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dc.contributorVirginia Tech. Department of Biologyen
dc.contributorVirginia Tech. Department of Civil Engineeringen
dc.contributor.authorReay, William G.en
dc.contributor.authorGallagher, Daniel L.en
dc.contributor.authorSimmons, George M. Jr.en
dc.date.accessioned2016-02-28T22:29:52Zen
dc.date.available2016-02-28T22:29:52Zen
dc.date.issued1995en
dc.identifier.citationReay, W. G., Gallagher, D. L., & Simmons, G. M. (1995). Sediment-Water Column Oxygen and Nutrient Fluxes in Nearshore Environments of the Lower Delmarva Peninsula, US. Marine Ecology Progress Series, 118(1-3), 215-227. doi:10.3354/meps118215en
dc.identifier.issn0171-8630en
dc.identifier.otherm118p215.pdfen
dc.identifier.urihttp://hdl.handle.net/10919/64885en
dc.description.abstractSediment-water column exchanges of oxygen, dissolved inorganic nitrogen (DIN) and dissolved inorganic phosphorus (DIP) were measured in situ over an annual cycle for sandy and silt-clay sediment types in a shallow Chesapeake Bay (USA) inlet. Benthic oxygen and inorganic nutrient fluxes differed between sediment types. Based on metabolic rate estimates and photosynthetic pigment concentrations, nearshore sandy sediments were more productive than silt-clay sediments. Overall benthic community respiration rates were 872 mu mol m(-2) h(-1) for sandy sediments and 2220 mu mol m(-2) h(-1) for silt-clay sediments. Elevated ammonium and DIP sediment fluxes were associated with silt-clay sediments. Sandy and silt-clay sediment ammonium fluxes ranged from -44 to 358 and -30 to 615 mu mol m(-2) h(-1) respectively, with DIP fluxes ranging from -5.3 to 42.0 and -3.3 to 35.7 mu mol m(-2) h(-1). Negative nutrient flux values denote sediment uptake. Sediment ammonium and DIP fluxes were dependent on benthic aerobic respiration rates for silt-clay sediments. In contrast, sandy sediment ammonium fluxes were less dependent and DIP fluxes showed no relationship to benthic aerobic respiration rates. Ammonium and DIP flux rates were significantly reduced in transparent chambers as compared to opaque chambers indicating the importance of the benthic microalgal community. On an annual basis, sandy sediments could supply 11% of the phosphorus and 6% of the phytoplankton nitrogen requirements based on gross productivity estimates, whereas silt-clay sediments could supply 11 and 14%, respectively. Positive correlations between sandy and silt-clay sediment DIN fluxes and phytoplankton DIN assimilatory demands emphasize the importance and interdependence of sediment heterotrophic and water column autotrophic processes. Short water column DIN and DIP turnover times, on the order of hours, were characteristic of summer conditions when water column nutrient concentrations were low and silt-clay sediment nutrient fluxes high. Conversely, nutrient turnover times on the order of days were characteristic of winter conditions when water column nutrient concentrations were high and sediment nutrient fluxes low.en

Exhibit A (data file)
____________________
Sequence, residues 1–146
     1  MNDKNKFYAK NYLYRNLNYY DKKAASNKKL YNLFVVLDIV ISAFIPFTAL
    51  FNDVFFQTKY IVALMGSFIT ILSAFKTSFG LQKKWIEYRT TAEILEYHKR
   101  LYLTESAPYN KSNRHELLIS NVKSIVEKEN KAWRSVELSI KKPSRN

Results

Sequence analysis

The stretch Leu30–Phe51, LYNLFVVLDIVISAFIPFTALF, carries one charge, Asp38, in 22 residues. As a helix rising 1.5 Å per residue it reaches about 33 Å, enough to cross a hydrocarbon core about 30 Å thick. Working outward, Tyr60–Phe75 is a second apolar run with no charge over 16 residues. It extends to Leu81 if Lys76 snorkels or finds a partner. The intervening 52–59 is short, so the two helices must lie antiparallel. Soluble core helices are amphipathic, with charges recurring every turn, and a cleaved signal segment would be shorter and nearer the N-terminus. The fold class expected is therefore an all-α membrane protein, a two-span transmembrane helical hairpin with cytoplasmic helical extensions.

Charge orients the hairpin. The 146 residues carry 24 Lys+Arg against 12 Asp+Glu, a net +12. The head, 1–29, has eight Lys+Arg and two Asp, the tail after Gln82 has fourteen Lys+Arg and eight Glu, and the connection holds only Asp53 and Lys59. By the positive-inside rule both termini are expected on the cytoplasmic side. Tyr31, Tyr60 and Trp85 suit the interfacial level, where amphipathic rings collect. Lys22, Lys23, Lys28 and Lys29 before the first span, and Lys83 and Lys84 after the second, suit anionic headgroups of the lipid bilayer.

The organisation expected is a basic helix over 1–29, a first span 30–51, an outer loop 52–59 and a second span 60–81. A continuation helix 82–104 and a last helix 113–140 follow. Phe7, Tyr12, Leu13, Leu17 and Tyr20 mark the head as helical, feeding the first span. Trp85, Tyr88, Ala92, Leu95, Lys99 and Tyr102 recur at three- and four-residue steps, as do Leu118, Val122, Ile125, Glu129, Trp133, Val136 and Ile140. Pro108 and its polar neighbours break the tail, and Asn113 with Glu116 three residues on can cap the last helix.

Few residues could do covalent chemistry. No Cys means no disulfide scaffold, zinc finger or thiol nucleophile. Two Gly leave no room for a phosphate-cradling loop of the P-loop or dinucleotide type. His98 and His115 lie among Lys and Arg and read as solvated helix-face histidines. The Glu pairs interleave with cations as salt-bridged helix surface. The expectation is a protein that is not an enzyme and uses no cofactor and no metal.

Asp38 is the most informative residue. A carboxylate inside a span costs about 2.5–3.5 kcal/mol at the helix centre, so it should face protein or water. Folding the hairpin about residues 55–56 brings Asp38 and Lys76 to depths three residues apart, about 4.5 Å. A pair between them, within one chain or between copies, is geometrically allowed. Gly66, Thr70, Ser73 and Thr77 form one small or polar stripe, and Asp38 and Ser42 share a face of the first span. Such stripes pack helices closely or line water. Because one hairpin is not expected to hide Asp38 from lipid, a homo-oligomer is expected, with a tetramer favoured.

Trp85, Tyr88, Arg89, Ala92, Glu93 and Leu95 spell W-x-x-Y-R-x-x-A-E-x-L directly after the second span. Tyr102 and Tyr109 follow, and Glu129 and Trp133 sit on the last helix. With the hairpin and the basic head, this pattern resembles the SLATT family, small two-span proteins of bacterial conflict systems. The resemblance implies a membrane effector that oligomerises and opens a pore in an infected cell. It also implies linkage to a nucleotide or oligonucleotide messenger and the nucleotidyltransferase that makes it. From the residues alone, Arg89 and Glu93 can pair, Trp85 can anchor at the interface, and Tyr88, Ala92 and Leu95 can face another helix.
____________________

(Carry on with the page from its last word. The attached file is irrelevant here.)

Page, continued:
dc.description.sponsorshipVirginia Water Resources Research Centeren
dc.description.sponsorshipVirginia. Division of Soil and Water Conservationen
dc.description.sponsorshipNational Science Foundationen
dc.format.extent13 p.en
dc.format.mimetypeapplication/pdfen
dc.language.isoen_USen
dc.publisherInter-Researchen
dc.rightsIn Copyrighten
dc.rights.urihttp://rightsstatements.org/vocab/InC/1.0/en
dc.subjectSediment-surface water interactionsen
dc.subjectNutrientsen
dc.subjectOxygenen
dc.subjectBenthic microalgaeen
dc.subjectEstuariesen
dc.subjectChesapeake Bayen
dc.titleSediment-Water Column Oxygen and Nutrient Fluxes in Nearshore Environments of the Lower Delmarva Peninsula, USAen
dc.typeArticle - Refereeden
dc.rights.holderInter-Researchen
dc.contributor.departmentCivil and Environmental Engineeringen
dc.contributor.departmentBiological Sciencesen
dc.identifier.urlhttp://www.int-res.com/articles/meps/118/m118p215.pdfen
dc.date.accessed2016-02-01en
dc.title.serialMarine Ecology Progress Seriesen
dc.identifier.doihttps://doi.org/10.3354/meps118215en
dc.identifier.volume118en
dc.type.dcmitypeTexten


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